Chris was a very special part of my life; we were musical brothers. He was an amazingly unique bass player, very poetic, and had a wonderful knowledge of harmony. We met at a certain time when music was very open and I feel blessed to have created some wonderful, adventurous music with him. Chris had such a great sense of humour – he always said he was Darth Vader to my Obi Wan. I always thought of him as Christopher Robin to my Winnie the Pooh.
We travelled a road less travelled and I’m so thankful that he climbed the musical mountains with me. Throughout everything, he was still my brother, and I’m so glad we were able to reconnect recently.
Chris took the art of making a bass guitar into a lead instrument to another stratosphere and that, coupled with his showmanship and concern for every single note he played, made him something special. Although Chris is no longer with us in human form, his music has not gone with him and that will be around long after all who read this will also have departed this mortal coil. That’s the great gift of music. That gift can be passed on with what has been created and so Chris will always live on.
Partnered together for 43 years as the complicated rhythm section of Yes, throughout the years and in so many ways he was my true brother, the one I never had. He was the driving force in Yes from the beginning and I admired his passion. Striving for musical perfection, he set the bar high for himself and expected nothing less from the musicians around him. With deep conviction, even through occasional differences of opinion, we were united in our belief in Yes’ music and the need to keep it alive and interesting. Through good times and hard times, we were kindred spirits – I had his back and he had mine.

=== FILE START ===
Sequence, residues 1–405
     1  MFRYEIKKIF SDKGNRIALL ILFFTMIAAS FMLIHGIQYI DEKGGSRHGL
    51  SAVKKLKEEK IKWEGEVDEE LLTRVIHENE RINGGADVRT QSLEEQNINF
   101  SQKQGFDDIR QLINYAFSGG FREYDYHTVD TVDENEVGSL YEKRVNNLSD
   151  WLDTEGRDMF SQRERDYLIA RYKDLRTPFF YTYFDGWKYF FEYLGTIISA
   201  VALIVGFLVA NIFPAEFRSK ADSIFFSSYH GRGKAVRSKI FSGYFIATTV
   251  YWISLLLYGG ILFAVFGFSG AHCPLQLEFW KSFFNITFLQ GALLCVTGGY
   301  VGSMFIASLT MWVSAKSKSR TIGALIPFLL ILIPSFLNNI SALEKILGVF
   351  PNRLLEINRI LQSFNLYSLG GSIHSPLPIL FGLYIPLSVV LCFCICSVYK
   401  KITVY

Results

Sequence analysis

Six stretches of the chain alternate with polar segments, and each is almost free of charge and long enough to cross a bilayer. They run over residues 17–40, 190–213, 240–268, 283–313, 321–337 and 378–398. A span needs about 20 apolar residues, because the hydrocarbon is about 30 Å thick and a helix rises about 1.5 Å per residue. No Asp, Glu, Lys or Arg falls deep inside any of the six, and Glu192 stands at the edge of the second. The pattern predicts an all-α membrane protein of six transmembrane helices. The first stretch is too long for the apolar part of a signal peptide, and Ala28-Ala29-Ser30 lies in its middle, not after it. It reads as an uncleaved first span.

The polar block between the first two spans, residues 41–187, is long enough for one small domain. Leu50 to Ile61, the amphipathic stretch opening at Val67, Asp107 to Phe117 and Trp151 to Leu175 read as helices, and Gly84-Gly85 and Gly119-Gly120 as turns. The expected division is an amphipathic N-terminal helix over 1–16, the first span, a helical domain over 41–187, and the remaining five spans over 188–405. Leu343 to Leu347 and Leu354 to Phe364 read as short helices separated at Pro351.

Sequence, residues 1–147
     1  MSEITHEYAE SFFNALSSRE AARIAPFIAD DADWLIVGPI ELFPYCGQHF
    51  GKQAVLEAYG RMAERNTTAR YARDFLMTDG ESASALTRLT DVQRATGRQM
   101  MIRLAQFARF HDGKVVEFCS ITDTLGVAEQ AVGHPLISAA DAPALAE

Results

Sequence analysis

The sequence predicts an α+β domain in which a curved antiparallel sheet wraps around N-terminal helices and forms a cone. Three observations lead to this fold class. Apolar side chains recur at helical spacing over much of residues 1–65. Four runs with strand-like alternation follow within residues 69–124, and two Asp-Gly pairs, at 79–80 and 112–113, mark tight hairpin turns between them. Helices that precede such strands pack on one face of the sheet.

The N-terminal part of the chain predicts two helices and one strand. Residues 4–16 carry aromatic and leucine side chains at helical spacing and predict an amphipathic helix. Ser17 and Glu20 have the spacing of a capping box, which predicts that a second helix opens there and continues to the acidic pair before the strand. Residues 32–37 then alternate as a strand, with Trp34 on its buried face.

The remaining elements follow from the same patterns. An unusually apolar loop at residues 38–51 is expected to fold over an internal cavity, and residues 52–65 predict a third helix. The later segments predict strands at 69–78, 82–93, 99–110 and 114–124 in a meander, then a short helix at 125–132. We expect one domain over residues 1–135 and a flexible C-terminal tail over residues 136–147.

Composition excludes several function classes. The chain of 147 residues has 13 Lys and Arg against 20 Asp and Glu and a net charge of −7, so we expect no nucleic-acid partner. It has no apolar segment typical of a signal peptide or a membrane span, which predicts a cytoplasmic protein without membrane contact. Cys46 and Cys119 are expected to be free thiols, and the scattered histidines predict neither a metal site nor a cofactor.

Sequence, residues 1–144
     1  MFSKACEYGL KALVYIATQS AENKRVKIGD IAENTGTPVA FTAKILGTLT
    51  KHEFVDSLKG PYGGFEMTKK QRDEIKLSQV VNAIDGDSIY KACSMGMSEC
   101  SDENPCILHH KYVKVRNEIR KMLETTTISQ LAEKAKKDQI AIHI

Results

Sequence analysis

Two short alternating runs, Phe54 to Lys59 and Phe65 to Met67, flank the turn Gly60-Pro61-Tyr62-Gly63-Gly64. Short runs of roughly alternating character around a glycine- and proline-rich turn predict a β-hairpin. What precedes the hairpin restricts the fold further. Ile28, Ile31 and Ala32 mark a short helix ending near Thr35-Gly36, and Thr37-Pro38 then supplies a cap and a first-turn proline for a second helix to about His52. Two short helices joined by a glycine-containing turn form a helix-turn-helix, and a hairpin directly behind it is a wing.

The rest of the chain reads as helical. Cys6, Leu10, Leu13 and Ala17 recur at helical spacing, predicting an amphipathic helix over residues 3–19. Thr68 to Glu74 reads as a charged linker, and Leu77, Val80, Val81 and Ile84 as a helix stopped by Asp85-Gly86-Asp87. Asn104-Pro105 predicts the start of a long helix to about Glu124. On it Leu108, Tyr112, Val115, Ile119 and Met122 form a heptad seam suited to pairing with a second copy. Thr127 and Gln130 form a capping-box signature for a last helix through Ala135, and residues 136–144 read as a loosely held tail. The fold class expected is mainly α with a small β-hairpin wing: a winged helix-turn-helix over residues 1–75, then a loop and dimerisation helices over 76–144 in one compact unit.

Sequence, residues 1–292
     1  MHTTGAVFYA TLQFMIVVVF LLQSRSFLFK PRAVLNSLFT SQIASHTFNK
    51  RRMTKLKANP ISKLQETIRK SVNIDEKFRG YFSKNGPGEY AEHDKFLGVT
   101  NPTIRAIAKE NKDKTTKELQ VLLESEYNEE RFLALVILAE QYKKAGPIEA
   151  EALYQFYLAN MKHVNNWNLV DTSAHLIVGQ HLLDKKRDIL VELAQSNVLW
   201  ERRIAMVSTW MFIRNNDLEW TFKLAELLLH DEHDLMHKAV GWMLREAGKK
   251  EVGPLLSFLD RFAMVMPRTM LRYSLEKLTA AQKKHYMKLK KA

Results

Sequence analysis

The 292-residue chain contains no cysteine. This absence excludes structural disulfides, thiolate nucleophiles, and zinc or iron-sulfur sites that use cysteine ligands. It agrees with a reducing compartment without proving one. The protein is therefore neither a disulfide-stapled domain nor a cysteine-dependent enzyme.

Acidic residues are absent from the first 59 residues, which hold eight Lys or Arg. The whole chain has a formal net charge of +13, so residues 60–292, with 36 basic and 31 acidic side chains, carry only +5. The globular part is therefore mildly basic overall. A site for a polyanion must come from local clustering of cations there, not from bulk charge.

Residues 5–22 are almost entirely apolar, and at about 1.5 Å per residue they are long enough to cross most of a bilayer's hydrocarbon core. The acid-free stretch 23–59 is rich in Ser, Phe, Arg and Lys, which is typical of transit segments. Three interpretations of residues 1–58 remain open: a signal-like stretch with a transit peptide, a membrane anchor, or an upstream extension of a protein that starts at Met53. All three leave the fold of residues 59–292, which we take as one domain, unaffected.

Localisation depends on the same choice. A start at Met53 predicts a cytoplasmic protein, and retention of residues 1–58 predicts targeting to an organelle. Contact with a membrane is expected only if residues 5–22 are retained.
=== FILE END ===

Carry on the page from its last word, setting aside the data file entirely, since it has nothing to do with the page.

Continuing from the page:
We shared a sometimes unspoken communication – it was something we just knew and understood. We were relentless and I never expected to be without his company at this early time in our lives. It will be more difficult than I can imagine to perform on stage without looking at that imposing pillar of strength alongside me.
He will be missed the world over but none is greater than the loss in my heart. He is no longer a fish out of water – he is free and swimming in the big ocean now.
It’s hard to imagine the future without Chris. I sense that he will be in our thoughts and minds for some time. He was a one-off, larger‑than-life human being who brought a serious amount to everything he was part of. Long may his memory resonate through the lands.
Chris was not only the Jimi Hendrix of the bass guitar and a beautiful songwriter, but a good friend to both my wife Maewe and me. During the near four years we lived closely with him, we often saw his sensitive and caring side, the family man. I used to enjoy appealing to his fun-loving nature by making him laugh in his jovial and boisterous way. I feel immensely blessed to have had the rare chance to live and work beside such a dear soul. No words can express… Only love can take Chris Squire’s place.
I have so many wonderful memories of working with Chris and many of those in recent years. We once spent an entire journey after a gig trying to remember all the lyrics to My Old Man’s A Dustman – we eventually gave up on that one!